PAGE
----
Brenda McCreight is an adoptive parent and therapist. She offers counselling for behavioural challenges and adoptive family issues at her office in Nanaimo as well as over the phone. Brenda’s website is http://www.theadoptioncounselor.com, and her phone number is 250-729-9193.
Forget Me Not Society
This is a support group for all people involved in adoption, including adoptees. Take a look at their website on www.adoptioncircles.net.
Community and cultural centers
Keep your eyes open for community and cultural centers in your area. These centers could be great for you to get connected with other people in your situation and to find out about events that you might be interested in.
Dr. Sue Kalaher
Dr. Sue Kalaher is a pediatritian who specializes in foreign adoption medicine. She can be reached at email@example.com or at phone number 604.521.7705.
Dr. Gordon Neufeldt
Dr. Gordon Neufeld is a developmental psychologist who consults with parents regarding children and their problems. His website is http://www.gordonneufeld.com.
Parent Education Programs ‘ Adoption Support Program at Queen Alexandra Centre for Children’s Health
Post adoption support services include education, resource information and support. The Adoption Support Program Social Worker can be reached at 250-721-6798.
Victoria Single Parent Resource Centre Society
If you are a single parent, check out this website: www.singleparentvictoria.ca or call Victoria Single Parent Resource Centre Society on 250-385-1114.
Parents Together Services
This organisation (in partnership with the Boys and Girls Club) does not deal with adoption specific issues but may offer services (workshops, support groups) that help parents with behavioural/adolescent concerns. The link for this site is http://pt2.nfshost.com/index.php.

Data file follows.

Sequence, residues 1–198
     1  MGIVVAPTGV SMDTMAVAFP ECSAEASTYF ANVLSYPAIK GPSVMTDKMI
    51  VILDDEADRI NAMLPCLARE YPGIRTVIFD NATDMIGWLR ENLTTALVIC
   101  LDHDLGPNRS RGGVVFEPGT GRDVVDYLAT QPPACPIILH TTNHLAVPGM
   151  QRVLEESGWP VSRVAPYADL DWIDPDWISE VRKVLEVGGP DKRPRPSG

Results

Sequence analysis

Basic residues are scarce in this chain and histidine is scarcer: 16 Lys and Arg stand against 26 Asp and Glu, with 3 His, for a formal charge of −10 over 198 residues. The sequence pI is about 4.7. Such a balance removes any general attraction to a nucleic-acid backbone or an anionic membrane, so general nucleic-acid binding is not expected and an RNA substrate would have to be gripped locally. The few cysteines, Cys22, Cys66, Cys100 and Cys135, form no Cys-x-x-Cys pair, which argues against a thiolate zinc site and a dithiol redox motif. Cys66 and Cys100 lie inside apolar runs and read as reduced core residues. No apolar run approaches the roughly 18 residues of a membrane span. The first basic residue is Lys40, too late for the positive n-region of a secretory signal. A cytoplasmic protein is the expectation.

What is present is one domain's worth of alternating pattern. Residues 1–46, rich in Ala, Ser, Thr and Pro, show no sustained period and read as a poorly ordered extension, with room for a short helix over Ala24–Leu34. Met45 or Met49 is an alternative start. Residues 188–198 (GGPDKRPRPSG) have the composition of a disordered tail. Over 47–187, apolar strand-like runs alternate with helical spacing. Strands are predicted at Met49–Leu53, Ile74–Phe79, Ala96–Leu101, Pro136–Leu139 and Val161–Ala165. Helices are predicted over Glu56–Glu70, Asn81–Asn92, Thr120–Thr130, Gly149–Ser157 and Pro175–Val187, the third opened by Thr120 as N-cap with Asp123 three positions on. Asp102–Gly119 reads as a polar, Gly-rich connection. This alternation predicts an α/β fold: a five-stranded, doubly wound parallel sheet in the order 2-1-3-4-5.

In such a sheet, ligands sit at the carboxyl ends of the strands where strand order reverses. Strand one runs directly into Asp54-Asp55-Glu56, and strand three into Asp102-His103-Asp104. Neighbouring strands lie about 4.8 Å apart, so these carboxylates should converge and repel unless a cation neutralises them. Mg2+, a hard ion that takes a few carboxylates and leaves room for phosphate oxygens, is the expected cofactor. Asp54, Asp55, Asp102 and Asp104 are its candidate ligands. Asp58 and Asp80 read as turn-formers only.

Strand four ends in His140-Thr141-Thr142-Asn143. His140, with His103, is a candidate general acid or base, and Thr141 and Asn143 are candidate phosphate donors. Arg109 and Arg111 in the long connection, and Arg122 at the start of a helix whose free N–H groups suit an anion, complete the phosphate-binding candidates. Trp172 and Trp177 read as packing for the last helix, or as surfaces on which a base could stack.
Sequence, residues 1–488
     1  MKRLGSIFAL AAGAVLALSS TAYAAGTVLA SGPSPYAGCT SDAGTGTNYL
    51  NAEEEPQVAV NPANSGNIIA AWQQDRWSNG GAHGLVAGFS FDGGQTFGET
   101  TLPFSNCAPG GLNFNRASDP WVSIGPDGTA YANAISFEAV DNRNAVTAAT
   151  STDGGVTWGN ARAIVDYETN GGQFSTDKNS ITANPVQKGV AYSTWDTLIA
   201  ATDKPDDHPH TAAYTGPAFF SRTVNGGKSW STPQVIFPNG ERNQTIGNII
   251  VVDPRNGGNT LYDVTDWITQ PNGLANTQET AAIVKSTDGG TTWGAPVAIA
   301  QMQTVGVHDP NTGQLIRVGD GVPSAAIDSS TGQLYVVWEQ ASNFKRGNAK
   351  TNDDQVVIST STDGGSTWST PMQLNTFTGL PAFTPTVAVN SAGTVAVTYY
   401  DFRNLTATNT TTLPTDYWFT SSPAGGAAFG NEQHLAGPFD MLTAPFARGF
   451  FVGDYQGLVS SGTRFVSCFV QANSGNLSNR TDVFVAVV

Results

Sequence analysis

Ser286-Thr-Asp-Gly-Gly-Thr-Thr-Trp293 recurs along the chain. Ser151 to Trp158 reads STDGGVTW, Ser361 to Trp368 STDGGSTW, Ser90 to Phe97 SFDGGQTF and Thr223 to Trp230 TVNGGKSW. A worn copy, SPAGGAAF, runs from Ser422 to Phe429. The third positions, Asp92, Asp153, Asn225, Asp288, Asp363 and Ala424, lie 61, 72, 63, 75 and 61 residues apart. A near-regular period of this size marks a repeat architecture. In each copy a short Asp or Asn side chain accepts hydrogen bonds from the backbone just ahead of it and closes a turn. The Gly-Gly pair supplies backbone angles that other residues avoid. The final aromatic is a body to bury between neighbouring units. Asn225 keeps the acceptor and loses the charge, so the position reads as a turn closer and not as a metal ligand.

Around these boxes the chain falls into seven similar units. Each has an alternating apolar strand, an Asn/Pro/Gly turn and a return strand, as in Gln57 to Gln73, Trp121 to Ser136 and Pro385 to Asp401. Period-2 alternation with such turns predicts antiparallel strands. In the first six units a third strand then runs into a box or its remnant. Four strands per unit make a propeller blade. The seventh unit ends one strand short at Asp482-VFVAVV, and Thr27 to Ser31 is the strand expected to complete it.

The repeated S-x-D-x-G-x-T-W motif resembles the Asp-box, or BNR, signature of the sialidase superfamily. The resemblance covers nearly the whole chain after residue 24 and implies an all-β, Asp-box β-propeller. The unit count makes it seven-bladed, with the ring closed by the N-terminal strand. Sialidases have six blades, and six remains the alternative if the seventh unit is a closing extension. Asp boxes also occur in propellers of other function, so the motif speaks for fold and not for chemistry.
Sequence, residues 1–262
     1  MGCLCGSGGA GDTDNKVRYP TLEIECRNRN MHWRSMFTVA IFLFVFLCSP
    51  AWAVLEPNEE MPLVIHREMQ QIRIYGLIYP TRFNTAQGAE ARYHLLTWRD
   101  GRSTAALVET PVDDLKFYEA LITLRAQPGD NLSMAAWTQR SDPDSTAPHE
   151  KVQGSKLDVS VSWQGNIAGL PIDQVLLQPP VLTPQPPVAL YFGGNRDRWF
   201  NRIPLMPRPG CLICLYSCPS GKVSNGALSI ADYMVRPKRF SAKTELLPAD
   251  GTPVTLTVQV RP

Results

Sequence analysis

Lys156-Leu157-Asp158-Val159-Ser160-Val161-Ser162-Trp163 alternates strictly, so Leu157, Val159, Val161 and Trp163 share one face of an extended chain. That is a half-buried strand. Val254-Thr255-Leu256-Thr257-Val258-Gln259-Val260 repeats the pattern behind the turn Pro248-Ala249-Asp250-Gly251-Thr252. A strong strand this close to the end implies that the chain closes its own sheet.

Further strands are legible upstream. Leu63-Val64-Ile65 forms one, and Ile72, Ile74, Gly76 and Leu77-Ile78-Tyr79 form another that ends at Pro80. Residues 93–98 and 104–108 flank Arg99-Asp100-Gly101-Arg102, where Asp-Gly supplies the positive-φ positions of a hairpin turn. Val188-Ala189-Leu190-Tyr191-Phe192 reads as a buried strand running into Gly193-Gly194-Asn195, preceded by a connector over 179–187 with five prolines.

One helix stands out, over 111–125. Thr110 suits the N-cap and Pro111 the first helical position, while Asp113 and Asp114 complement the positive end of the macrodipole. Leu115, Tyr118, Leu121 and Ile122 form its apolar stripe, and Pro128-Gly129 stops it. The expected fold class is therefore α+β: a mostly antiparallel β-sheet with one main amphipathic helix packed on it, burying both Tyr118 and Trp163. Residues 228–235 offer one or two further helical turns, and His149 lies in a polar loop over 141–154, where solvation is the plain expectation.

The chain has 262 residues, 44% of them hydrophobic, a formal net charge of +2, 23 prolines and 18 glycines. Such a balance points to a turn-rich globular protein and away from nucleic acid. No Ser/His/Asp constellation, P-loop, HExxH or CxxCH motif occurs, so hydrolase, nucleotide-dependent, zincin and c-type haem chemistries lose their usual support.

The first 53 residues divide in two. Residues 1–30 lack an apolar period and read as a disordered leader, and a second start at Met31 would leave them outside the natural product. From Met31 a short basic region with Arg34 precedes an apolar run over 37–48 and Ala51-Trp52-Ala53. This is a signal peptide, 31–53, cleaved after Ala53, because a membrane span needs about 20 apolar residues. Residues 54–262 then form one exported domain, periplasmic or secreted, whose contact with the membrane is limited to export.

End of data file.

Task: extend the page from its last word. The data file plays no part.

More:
NACAC (The North American Council on Adoptable Children)
NACAC promotes and supports permanent families for children and youth in the U.S. and Canada who have been in care’especially those in foster care and those with special needs. Their website is www.nacac.org.
If I was adopted…
I want to know who my birth parents are. Do I have the right to know that?
Yes. When you turn 19, you are able to obtain a copy of the original birth certificate. This can be obtained by calling BC Vital Stats at 866-828-9680.
How can I contact my birth family?
If you were adopted and wondering how to contact your birth family, contact BC’s Adoption Reunion Registry by calling 250-387-3660 or by visiting www.mcf.gov.bc.ca/adoption/reunion/.Parent Finders of Canada is another reunion agency that can help adoptees locate their birth family. Their website is www.parentfinders.org.
I've been approved for months. Why am I not getting a referral for a child?
It can be extremely frustrating to wait, but one obstacle preventing matches between children and families is that many prospective adoptive parents are waiting for children who are not likely to be available. For example, many parents are waiting to adopt infants. Most children who are available for adoption are: 6 to 18 years old, part of a sibling group who needs to stay together, troubled by emotional and behavioral difficulties, and from diverse ethnic backgrounds.